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Chapter: Obstetrics and Gynecology: Ectopic Pregnancy and Abortion

Nonfallopian-Tube Ectopic Pregnancy

Ectopic implantation of the fertilized egg in the ovary is rare.

Nonfallopian-Tube Ectopic Pregnancy




Ectopic implantation of the fertilized egg in the ovary is rare. The recent increased incidence is likely due to im-proved imaging modalities. Risk factors are similar to those for tubal pregnancies. Diagnosis is based on the classical sonographic description of a cyst with a wide echogenic outer ring on or within the ovary.




Also termed cornual pregnancy, interstitial pregnancies implant in the proximal tubal segment that lies within the muscular uterine wall. Swelling lateral to the insertion of the round ligament is the characteristic anatomic finding. A pregnancy that implants in the cornual segment of the tube tends to present several weeks later in pregnancy, be-cause the muscular cornu of the uterus is better able to expand and accommodate an enlarging pregnancy. As a result, rupture of a cornual (isthmic) pregnancy typically occurs between the eighth and sixteenth gestational weeks, and is often associated with massive hemorrhage, frequently requiring hysterectomy. Mortality rates are quoted as high as 2.5%. 




Cervical pregnancy occurs in 1 in 9000 to 12,000 preg-nancies, when the ovum implants in the cervical mucosa below the level of the histologic cervical internal os. A risk factor unique to cervical pregnancy is a history of dilation and curettage, seen in nearly 70% of cases. Two diagnos-tic criteria are necessary for confirmation of cervical preg-nancy: (1) the presence of cervical glands opposite the placental attachment site, and (2) a portion of or the en-tire placenta must be located below either the entrance of the uterine vessels or the peritoneal reflection on the ante-rior and posterior uterine surface. Medical management can be used if the previously described criteria are met.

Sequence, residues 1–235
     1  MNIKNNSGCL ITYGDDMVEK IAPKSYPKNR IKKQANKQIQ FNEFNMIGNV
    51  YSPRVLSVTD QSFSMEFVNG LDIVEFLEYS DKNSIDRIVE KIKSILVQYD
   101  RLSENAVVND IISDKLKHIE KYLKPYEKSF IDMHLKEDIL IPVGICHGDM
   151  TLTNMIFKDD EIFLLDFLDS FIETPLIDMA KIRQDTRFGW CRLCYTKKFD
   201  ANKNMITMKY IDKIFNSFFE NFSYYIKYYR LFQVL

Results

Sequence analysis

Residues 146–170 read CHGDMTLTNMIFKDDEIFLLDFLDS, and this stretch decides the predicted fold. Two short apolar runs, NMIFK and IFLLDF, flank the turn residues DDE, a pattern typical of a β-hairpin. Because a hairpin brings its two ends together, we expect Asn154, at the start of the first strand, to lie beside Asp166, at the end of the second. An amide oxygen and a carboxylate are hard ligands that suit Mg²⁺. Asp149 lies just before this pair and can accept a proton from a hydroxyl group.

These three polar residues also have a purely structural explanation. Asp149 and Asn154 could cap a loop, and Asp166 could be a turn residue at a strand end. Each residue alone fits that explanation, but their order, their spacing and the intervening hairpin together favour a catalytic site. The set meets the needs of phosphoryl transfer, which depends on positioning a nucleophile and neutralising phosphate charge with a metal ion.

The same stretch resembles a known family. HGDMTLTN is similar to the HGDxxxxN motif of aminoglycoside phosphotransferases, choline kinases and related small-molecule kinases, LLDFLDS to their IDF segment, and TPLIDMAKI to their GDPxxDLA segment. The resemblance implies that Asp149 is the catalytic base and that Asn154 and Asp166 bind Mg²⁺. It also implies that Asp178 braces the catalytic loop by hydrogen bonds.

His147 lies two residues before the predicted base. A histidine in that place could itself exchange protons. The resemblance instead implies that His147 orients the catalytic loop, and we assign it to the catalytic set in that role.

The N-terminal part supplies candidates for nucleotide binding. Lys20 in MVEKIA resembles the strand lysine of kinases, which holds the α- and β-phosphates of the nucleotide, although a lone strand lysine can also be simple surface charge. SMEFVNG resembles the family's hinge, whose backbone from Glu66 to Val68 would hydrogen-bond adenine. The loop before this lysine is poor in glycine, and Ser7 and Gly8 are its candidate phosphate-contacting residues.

Heterotopic pregnancy (coincident or combined preg-nancy) is the coexistence of an ectopic and intrauterine pregnancy. The incidence was previously estimated to be 1 in 30,000 pregnancies figuring incidences of dizygotic twinning and ectopic pregnancy of 1% each. As a result of assisted reproduction, however, the rate of heterotopic pregnancies has increased to 1 in 100 pregnancies. Mech-anisms that have been proposed to explain this include: (1) hydrostatic forces delivering the embryo into the cor-nual or tubal area; (2) the tip of the catheter directing trans-fer towards the tubal ostia; or (3) reflux of uterine secretions leading to retrograde tubal implantation. In addition to the option of surgical management of the ectopic pregnancy while attempting to not disturb the intrauterine pregnancy, medical therapy in which potassium chloride can be in-jected into the pregnancy sac is a consideration.


Methotrexate is contraindicated due to potential detrimental effects on the normal pregnancy.




The estimated incidence of abdominal pregnancy ranges from 1 in 10,000 to 1 in 25,000 live births. Abdominal pregnancies may result from primary implantation onto the peritoneal surface or secondary implantation via tubal rupture or tubal abortion. Physical findings and symptoms are widely variable, depending on gestational age and site of implantation. Diagnosis is confirmed primarily by ultra-sonography.


Abdominal pregnancy is usually discovered long be-fore fetal viability and removal of the pregnancy is the mainstay of therapy. Survival of the fetus occurs in only 10% to 20% of cases; up to one-half of those surviving have significant deformity. The patient is given the option of continuing the pregnancy to fetal viability with opera-tive delivery, or operative termination of the pregnancy at the time of diagnosis. In either case, removal of the pla-centa is usually not attempted because of the risk of un-controllable hemorrhage.


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